Webcam project

How we built an IoT webcam from scratch with a ATSAM4S and a WiFi chip.

Webcam project

This was the project that started it all. This was the final project of the class Engineering System Design I. In this class, we were taught how to design and produce a webcam from scratch, from the programming, to the PCB and CAD design of the case.


Top with camera
Bottom with WiFi chip and power jack

This webcam is driven by a ATSAM4S8B chip. It processes the incoming data from the OV2640 webcam and stores it to memory before streaming it bit-by-bit to the Zentri WiFi chip on the reverse side. The Zentri chip is programmed to connect to the wireless network as well as host a website to display the images. Without optimization, our design was able to display images at a rate of about 3 frames a second.

Close up of the ATSAM4S

The power comes from a 3.5mm jack and it is stepped down from 12V to 3.3V for both the SAM4S and the Zentri chip. A powered jack was used because the system draws quite a bit of power in use. Two buttons reset the MCU as well as set up the WiFi for the system. There are indicator LEDs to indicate the WLAN, Network, and the SoftTap status of the Zentri chip, as well as one on the reverse side to indicate power is flowing to the MCU.


We first had to learn how to solder SMD components, and we were given a practice board with practice chips.

Practice board

That burnt part there is what happens when you increase the temperature of the hot air gun by 50$^\circ$C to remove a part faster. It is good to practice before doing the real thing.

Once we mastered soldering, we had to break out all the pins on the ATSAM4S for prototyping. To that end we were given a minimalist breakout board with only the bare components necessary for the chip to work. We programmed the chip using an Atmel ICE debugger over the SWD interface in Atmel Studio.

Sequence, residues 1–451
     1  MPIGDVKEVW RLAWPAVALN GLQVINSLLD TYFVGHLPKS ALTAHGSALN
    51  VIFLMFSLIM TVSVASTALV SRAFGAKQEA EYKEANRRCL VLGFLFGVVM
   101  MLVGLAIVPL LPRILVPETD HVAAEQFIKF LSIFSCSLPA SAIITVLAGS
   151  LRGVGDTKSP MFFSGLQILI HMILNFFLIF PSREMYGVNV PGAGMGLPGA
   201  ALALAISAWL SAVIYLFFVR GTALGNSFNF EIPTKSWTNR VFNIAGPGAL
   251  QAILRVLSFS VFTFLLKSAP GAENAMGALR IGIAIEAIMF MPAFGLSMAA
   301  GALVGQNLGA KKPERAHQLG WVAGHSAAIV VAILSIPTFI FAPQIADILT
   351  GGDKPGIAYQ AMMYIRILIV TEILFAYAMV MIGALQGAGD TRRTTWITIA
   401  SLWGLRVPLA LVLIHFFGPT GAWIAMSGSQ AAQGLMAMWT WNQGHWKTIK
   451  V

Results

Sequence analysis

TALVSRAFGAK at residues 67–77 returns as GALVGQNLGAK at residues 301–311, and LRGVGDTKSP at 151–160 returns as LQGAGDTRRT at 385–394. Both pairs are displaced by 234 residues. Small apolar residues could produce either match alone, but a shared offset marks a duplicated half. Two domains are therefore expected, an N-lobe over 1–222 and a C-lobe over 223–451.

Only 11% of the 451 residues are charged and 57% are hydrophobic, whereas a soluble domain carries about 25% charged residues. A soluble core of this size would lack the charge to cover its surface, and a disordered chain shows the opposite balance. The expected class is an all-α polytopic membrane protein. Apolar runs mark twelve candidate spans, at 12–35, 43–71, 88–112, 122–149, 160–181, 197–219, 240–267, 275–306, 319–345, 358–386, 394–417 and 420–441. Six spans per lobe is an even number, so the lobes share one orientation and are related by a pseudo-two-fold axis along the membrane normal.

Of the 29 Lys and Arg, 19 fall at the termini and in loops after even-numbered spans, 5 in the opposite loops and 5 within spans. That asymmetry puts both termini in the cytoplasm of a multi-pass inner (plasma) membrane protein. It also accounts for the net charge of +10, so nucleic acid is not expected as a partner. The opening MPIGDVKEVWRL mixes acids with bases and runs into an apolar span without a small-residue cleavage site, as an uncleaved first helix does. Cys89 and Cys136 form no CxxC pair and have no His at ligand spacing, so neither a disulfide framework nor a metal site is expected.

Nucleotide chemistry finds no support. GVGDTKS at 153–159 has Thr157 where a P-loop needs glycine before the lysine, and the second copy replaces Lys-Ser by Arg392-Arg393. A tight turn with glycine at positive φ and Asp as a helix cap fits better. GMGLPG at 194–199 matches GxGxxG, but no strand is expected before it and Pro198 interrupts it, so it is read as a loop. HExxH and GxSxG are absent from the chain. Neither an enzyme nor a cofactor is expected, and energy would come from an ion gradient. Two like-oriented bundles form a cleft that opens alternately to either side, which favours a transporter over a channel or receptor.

ATSAM4S8B breakout

The camera and the WiFi chip both had their breakout boards, and the WiFi chip was used to power the MCU as it had a 3.3V output regulator and was programmed over USB. All the boards were connected using a breadboard and it was a huge tangle.

There were some mistakes made when developing and designing this board. The earliest one was where I swapped a 0 ohm resistor with a capacitor to disastrous results. I didn't see any smoke, but the 3.3V line was 1.2V, which was very bad, and I could not figure out why for the longest time, checking power and ground leads until I went over each component and found the offending part.

Because the chip was castellated, when I tried to desolder it from a non-working board, I ended up taking off the top cover as well as bending the antenna a little because of how long I was heating it for without trying to remove the existing solder.

On another board, as we were soldering in the headers for the MCU programming pins, because we heated it for so long, we managed to pull off a pad and it could no longer be used. Since this was the last part, we had to desolder everything and resolder it on a new board.

Our unsuccessful attempt (bottom)
Our unsuccessful attempt (top)

One of the connections was wrong on our original board and even though we tried to rewire it by using a white wire, the connection just wasn't reliable enough for us to ensure that it was working, so we had to abandon our PCB design and instead, relied on the instructor's board.


This project was not easy. Even with all the groundwork laid out for us, and with almost two months worth of time, we were still basically unsuccessful in producing our own attempt. However, we did learn a lot and personally, a lot of what I learnt has gone forward as other successful projects.